Tillage and Nitrogen Placement Effects on Yields in a Short-Season Corn/Wheat/ Double-Crop Soybean Rotation
Tillage and Nitrogen Placement Efec ts on Yields in a Short-Season Corn/W heat/ Double-Crop Soybean Rotation
D. W. Sweeney 0
0 Kansas State University , USA
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Tillage and Nitrogen Placement Efec ts on Yields in a Short-Season Corn/
W heat/ Double-Crop Soybean Rotation
In 2016, adding nitrogen (N) greatly improved average wheat yields, but the response to tillage and different
N placement methods was minimal. Double-crop soybean yields were unaffected by tillage or the residual
from N treatments that were applied to the previous wheat crop.
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Tillage and Nitrogen Placement Effects
on Yields in a Short-Season Corn/Wheat/
Double-Crop Soybean Rotation
In 2016, adding nitrogen (N) greatly improved average wheat yields, but the response
to tillage and different N placement methods was minimal. Double-crop soybean yields
were unaffected by tillage or the residual from N treatments that were applied to the
previous wheat crop.
Many crop rotation systems are used in southeastern Kansas. This experiment is
designed to determine the long-term effect of selected tillage and N fertilizer placement
options on yields of short-season corn, wheat, and double-crop soybean in rotation.
A split-plot design with four replications was initiated in 1983 with tillage system as
the whole plot and N treatment as the subplot. In 2005, the rotation was changed to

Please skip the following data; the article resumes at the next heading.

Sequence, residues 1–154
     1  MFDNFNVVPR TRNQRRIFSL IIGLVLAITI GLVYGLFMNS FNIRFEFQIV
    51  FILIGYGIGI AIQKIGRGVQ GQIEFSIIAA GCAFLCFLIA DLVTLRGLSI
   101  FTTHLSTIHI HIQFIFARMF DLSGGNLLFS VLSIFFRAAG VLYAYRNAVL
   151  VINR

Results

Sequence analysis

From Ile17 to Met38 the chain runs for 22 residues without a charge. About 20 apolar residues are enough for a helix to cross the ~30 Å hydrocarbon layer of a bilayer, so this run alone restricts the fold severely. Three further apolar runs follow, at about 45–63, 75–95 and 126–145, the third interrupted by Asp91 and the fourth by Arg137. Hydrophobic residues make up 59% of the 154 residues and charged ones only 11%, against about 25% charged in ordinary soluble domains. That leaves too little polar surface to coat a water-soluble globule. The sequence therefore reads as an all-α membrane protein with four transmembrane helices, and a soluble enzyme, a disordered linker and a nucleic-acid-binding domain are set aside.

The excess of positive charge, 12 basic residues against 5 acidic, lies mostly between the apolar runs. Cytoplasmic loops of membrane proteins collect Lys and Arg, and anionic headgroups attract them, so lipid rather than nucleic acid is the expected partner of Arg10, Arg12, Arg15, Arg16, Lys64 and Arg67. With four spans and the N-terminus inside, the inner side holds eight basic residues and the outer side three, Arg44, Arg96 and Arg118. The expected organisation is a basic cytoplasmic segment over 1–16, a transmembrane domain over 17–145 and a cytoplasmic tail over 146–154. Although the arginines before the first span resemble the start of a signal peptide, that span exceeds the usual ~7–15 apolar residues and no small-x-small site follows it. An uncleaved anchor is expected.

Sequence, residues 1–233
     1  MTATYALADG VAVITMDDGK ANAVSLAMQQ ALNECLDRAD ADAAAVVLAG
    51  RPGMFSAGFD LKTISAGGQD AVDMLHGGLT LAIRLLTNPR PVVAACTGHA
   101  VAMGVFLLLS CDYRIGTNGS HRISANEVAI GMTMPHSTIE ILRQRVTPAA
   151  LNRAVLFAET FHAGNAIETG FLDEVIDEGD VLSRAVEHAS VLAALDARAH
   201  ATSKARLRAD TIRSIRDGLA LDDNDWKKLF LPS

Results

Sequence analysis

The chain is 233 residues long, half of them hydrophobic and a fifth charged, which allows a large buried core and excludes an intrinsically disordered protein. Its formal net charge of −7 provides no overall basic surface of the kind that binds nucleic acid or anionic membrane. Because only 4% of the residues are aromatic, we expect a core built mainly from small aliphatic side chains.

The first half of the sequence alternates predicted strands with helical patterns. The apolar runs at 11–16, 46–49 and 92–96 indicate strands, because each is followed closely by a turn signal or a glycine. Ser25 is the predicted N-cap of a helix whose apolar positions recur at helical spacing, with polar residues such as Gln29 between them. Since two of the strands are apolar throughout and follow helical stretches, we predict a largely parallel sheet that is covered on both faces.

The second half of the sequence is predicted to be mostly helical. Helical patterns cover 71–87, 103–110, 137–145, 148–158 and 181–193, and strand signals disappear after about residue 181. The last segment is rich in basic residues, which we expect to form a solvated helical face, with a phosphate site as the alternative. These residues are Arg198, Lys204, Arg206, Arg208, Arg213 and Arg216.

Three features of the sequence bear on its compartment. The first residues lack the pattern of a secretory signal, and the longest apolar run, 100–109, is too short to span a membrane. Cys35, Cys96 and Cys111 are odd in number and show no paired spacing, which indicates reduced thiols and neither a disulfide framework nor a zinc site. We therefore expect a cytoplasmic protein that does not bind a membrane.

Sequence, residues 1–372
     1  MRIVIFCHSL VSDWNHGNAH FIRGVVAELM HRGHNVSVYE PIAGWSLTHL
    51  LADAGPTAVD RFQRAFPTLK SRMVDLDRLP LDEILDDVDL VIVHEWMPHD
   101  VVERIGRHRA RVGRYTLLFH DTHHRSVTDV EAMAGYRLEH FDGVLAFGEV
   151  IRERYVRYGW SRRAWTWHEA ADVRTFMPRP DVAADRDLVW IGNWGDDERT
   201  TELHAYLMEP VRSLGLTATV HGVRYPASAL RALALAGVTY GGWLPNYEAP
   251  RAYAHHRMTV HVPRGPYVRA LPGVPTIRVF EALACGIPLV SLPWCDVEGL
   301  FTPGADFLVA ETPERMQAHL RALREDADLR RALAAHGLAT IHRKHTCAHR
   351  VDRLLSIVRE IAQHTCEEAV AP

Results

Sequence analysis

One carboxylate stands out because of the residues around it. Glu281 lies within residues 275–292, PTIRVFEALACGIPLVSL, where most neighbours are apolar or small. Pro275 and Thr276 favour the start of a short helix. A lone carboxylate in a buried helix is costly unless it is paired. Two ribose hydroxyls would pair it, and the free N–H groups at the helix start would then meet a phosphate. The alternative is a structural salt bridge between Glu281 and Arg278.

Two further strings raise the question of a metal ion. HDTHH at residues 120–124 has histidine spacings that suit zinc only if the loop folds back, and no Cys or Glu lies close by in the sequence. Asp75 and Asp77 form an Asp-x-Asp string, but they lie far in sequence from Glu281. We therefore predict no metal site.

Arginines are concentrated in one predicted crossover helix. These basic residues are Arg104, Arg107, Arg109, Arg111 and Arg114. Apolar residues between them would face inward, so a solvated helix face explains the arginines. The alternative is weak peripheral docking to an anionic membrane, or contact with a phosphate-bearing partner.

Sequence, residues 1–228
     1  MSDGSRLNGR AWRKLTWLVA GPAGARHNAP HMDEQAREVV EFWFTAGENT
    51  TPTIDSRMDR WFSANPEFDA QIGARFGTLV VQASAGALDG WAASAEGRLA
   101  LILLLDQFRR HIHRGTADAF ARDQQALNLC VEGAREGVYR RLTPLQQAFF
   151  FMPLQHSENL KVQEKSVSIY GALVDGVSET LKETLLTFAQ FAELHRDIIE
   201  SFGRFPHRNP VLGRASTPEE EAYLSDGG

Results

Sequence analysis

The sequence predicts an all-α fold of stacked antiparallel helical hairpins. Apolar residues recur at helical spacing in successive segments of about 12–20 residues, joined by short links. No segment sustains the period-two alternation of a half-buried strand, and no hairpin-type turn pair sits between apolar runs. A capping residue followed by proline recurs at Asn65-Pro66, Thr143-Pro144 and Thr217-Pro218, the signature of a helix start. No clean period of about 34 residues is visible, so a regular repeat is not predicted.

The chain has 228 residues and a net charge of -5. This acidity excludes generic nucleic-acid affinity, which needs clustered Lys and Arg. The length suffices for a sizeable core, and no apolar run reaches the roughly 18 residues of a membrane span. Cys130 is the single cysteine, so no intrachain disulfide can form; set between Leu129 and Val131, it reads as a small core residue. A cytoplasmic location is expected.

begin a short-season corn/wheat/double-crop soybean sequence. Use of three tillage
systems (conventional, reduced, and no-till) continues in the same areas as the previous
22 years. The conventional system consists of chiseling, disking, and field cultivation.
Chiseling occurs in the fall preceding corn or wheat crops. The reduced-tillage system
consists of disking and field cultivation prior to planting. Glyphosate is applied to the
no-till areas prior to planting. The four N treatments for the crop are: no-N (control),
broadcast urea-ammonium nitrate (UAN; 28% N) solution, dribble UAN solution,
and knife UAN solution at 4 inches deep. The N rate for the corn crop grown in
oddnumbered years is 125 lb/a. The N rate of 120 lb/a for wheat is split as 60 lb/a applied
preplant as broadcast, dribble, or knifed UAN. All plots except for the no-N controls
are top-dressed in the spring with broadcast UAN at 60 lb/a N.
Results and Discussion
In 2016, conventional tillage resulted in 2 bu/a greater yield than with no-till (Table 1).
Overall, fertilizing with N quadrupled wheat yield, but preplant application method
(broadcast, dribble, or knife) did not affect yields. Average yield of soybean planted
doublecrop after wheat harvest was nearly 40 bu/a in 2016, but was not affected by tillage
systems or the residual from N fertilizer treatments that were applied to the wheat.
N Fertilization No-N control Broadcast UAN † Dribble UAN Knife UAN LSD (0 .05)
†UAN: urea-ammonium nitration solution , 28% N.